How far should Wake County go in the new long-term student assignment plan to balance academic achievement across schools?
As noted in today's article, the blue plan and green plan recommended by the student assignment task force don't go as far as the red plan and burgundy plan in terms of student achievement. Issues such as cost, proximity and stability knocked the red and burgundy plans out of the equation.
"We looked for the most feasible and acceptable models that are consistent with board policy 6200 and provided the best opportunities for achievement, stability and proximity,” said Superintendent Tony Tata.
After coming up nine options, the student assignment task force had narrowed the choices to the blue, green, red and burgundy plans. Videos were shot explaining all four choices but the blue and green plans were chosen in the end as the top two choices.
Student achievement arguably formed a higher basis of the red and burgundy plans.
Like the blue plan, the red plan was a choice plan. But the first step in the red plan would have been to get low-achieving students into higher performing schools.
First, staff had determined the achievement scores for the county's 187 census tracts, which each contains roughly 1,200 children. The tracts with the lowest 20 percent of scores would have been called CT1. Everyone else was CT2.
Under the plan, every CT1 student would have been slotted into one of the top schools, called achievement choices in the blue plan. Principals at those schools would have been told to make sure the CT1 students would have been assigned to a highly effective teacher, as shown by EVAAS data.
The red plan said that no school would have more than 50 percent of its enrollment being CT1 students with the target of no more than 30 percent of them in any classroom.
"Research clearly shows the best thing for a student with greater learning needs is pairing that student with a high-performing teacher," said task force member David Ansbacher in a video explaining the red plan. "That is where maximum student achievement occurs and this plan is rooted in that idea."
When the selection process began, the first three priorities in the lottery would have been to assign CT1 students. Only then would placement occur for CT2 students.
To get more CT1 students into the higher performing schools, the default option would be for them to be sent to those schools. If they didn't make a different choice or made no choice at all, they'd go to the higher-performing school.
School officials used the example of how 401K participation increased significantly after the federal government changes the rules so that your default choice was to be in the retirement plan unless you opted out. Previously, you had to opt in to participate.
"Most people will stay with the default choice, positively impacting student achievement," Ansbacher said.
The red plan also called for over time moving magnet schools into CT1 areas.
Tata said that the red plan was good in principle. But when they evaluated the impact of the thousands of CT1 students going to the higher performing schools, they determined that transportation costs would have been too much.
In the blue plan, less detail is provided on how they'd identify which students in low-performing area would get priority. Those low-performing students would also rank fourth in the lottery priority list behind people trying to go to closer schools.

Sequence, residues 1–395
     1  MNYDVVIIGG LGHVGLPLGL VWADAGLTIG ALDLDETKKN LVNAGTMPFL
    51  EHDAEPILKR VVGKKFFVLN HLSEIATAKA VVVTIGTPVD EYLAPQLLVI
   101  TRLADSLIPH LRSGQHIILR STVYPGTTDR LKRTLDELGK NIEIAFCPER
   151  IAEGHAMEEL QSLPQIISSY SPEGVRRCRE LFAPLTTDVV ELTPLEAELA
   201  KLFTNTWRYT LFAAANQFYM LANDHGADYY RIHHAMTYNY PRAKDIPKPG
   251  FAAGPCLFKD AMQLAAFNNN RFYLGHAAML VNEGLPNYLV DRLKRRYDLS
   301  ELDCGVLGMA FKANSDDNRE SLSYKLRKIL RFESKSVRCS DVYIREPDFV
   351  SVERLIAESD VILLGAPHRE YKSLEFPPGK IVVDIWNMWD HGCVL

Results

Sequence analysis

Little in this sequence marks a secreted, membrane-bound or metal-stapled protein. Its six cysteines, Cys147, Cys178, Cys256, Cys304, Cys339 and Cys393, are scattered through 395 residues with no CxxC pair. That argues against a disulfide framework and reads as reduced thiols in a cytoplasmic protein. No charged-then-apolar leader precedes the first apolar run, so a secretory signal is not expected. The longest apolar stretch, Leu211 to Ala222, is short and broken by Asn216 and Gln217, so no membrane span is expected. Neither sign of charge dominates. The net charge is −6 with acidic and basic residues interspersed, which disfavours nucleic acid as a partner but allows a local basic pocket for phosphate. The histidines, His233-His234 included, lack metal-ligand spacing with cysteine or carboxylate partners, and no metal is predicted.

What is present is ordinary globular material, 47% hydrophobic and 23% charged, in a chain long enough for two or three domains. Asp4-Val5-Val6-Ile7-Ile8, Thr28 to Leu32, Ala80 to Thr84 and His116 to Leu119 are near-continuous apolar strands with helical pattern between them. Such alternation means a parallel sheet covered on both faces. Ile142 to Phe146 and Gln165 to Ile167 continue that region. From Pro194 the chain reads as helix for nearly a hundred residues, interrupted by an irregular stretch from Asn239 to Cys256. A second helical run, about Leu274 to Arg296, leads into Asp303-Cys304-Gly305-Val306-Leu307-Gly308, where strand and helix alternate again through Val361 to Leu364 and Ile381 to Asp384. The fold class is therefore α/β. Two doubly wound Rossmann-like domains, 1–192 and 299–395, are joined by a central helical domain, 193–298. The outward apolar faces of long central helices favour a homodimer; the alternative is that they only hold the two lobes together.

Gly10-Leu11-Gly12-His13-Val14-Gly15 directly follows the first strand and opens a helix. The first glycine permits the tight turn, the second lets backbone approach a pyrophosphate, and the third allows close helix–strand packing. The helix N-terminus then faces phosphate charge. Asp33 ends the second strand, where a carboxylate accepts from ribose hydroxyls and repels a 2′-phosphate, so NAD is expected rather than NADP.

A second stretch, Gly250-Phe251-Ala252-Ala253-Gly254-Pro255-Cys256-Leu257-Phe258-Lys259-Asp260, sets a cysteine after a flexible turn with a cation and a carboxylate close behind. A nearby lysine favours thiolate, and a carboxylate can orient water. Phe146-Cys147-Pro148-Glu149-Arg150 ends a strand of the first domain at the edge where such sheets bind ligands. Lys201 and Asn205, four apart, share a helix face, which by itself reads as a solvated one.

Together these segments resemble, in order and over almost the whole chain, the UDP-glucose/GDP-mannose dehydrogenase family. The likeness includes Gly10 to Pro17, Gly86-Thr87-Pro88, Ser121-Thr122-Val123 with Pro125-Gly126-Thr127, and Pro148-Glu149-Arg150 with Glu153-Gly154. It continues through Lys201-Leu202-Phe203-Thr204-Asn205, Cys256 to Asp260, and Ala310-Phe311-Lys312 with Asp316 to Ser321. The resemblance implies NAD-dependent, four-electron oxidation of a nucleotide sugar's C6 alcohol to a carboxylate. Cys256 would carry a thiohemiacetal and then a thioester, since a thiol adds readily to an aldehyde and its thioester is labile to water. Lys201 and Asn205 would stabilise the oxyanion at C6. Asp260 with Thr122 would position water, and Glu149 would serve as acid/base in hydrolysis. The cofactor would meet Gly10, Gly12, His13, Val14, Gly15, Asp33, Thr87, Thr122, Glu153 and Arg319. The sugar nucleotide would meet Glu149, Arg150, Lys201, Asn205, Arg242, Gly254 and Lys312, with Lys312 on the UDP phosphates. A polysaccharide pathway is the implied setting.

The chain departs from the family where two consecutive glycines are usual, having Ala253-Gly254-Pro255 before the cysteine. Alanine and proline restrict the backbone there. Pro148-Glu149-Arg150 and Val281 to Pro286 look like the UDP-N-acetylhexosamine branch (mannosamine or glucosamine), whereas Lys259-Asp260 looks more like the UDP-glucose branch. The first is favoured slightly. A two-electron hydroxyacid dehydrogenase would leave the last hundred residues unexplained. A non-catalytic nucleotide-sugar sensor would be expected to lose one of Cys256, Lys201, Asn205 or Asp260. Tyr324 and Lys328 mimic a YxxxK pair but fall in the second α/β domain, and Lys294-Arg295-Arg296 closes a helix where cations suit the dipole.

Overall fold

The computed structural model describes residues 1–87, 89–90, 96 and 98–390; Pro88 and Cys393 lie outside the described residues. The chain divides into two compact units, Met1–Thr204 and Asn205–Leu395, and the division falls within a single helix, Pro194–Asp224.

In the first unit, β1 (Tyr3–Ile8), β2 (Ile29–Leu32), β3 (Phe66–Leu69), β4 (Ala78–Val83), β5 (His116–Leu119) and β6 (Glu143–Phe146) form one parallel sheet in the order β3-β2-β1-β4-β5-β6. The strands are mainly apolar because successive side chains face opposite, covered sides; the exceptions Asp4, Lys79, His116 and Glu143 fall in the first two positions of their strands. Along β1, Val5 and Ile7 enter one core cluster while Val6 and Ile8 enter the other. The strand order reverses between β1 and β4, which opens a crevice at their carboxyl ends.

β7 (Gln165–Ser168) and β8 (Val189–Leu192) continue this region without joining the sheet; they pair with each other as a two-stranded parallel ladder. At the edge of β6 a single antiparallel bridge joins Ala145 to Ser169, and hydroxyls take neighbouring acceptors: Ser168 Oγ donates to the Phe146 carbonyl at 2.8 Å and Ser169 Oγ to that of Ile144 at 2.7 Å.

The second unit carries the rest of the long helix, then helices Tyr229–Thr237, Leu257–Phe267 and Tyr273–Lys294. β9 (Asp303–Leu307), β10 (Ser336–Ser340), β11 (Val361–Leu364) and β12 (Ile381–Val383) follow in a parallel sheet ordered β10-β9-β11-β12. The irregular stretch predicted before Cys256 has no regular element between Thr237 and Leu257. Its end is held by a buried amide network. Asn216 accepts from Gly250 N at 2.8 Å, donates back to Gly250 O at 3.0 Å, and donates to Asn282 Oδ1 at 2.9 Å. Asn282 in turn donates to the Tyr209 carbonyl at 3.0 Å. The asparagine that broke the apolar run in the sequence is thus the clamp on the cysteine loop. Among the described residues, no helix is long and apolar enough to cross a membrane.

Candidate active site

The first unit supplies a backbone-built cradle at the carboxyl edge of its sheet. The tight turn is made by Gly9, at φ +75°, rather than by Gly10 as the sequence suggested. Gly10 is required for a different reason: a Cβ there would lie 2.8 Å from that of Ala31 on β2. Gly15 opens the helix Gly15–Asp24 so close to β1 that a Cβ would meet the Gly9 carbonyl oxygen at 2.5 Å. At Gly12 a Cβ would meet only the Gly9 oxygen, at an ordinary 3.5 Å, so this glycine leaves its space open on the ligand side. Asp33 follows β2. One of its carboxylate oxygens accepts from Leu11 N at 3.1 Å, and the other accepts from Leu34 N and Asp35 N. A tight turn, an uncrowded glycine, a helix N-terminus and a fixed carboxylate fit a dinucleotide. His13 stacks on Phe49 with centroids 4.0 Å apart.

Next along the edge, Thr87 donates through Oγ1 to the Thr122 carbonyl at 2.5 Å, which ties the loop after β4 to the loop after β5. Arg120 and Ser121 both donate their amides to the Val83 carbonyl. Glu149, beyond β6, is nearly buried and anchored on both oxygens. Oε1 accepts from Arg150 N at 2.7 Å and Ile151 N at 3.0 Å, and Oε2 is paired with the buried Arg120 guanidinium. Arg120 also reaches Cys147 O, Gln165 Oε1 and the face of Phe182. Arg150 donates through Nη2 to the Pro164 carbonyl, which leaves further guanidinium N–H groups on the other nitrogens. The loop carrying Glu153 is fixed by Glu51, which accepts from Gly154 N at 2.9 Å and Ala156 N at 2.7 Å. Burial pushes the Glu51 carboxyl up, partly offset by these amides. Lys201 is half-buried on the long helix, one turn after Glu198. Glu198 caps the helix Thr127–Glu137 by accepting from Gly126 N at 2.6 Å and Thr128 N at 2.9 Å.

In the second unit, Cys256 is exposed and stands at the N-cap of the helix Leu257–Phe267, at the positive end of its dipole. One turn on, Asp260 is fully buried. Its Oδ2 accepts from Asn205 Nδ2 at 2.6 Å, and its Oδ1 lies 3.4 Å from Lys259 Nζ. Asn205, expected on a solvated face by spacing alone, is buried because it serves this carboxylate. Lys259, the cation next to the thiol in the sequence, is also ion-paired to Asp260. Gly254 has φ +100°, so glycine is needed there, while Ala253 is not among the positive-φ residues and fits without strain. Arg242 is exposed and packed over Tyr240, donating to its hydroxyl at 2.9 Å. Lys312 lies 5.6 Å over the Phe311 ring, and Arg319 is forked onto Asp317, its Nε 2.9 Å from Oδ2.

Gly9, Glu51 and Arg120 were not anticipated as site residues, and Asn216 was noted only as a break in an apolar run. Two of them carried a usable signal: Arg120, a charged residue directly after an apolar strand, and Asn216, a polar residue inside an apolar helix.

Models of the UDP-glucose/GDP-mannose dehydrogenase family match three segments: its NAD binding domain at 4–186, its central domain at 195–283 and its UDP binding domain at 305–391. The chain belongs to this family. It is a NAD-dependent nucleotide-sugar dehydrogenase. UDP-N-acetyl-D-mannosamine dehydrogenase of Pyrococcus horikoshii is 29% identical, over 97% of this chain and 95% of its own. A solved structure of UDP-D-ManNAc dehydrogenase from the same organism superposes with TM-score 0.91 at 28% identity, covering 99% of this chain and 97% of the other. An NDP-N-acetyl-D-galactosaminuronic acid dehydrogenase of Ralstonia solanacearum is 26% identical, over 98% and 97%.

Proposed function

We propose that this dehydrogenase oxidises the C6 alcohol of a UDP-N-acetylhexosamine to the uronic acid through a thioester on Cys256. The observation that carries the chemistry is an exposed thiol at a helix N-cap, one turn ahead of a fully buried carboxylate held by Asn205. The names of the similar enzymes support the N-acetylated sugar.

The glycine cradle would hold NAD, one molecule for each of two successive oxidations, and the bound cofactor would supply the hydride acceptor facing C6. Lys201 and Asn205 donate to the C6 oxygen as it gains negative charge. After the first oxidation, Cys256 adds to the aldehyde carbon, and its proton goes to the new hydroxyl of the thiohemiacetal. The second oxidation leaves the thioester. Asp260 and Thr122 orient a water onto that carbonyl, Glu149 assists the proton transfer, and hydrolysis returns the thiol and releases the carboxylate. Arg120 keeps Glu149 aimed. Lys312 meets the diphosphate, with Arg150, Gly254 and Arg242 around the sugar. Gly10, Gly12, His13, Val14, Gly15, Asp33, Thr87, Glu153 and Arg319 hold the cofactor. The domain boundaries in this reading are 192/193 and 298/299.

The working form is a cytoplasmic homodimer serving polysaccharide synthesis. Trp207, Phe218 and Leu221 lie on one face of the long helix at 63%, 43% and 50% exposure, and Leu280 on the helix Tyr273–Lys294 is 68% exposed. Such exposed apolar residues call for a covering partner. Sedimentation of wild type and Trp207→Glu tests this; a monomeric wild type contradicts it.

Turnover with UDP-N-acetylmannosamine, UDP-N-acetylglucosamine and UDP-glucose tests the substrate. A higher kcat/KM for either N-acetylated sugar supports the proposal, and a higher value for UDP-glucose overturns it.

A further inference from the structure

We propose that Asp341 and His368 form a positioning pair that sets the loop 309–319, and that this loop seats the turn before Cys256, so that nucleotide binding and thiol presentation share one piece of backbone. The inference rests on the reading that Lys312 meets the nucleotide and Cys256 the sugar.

The blue plan also has no specifics on making the achievement choice the default option for these students or on setting goals and targets for the percentages of low-performing students in schools and individual classes.
Tata said they still might make the achievement choice the default option for some low-achieving students. That might not be well received. For instance, school board chairman Ron Margiotta said that smacks too much of the old diversity policy.
Now let's look at the burgundy plan, which like the green plan has base assignments. But the burgundy plan would "essentially start over and wipe the slate clean," according to Susan Pullium, a task force member, in a video explaining the plan.
The attendance lines would be redrawn to balance out achievement levels.
"In this plan the schools will be better balanced along the achievement spectrum from day one," Pullium said. "As all the attendance areas are redrawn there will be conscientious attention to keeping an achievement balance. The goal will be that the schools' proficiency levels will be within acceptable range of the system's average in that grade span."
They'd try to draw up a contiguous base attendance area but if that didn't balance achievement enough they'd draw from non-contiguous areas. Pullium said in the video they'd try to assign whole neighborhoods in the non-contiguous areas as opposed to assigning small segments.
Pullium said they'd pair each non-contiguous area with a contiguous area at the school. They're hoping this would foster strong community relationships. In addition, they'd reassign these "partner pairings" together if they had to move students out.
The burgundy plan would try not to exit the township or municipality to get achievement balance. But "in the worse case scenario" they would try to stay in the region if they needed to go further out.
The burgundy plan also called for Wake to develop a plan to increase the number of highly effective teachers in the low-performing schools.
Tata said the burgundy plan would have caused too much instability.
The green plan still calls for assigning nodes for academic balances. But it wouldn't change as many assignments as the burgundy plan.
Click here for a chart comparing all nine plans.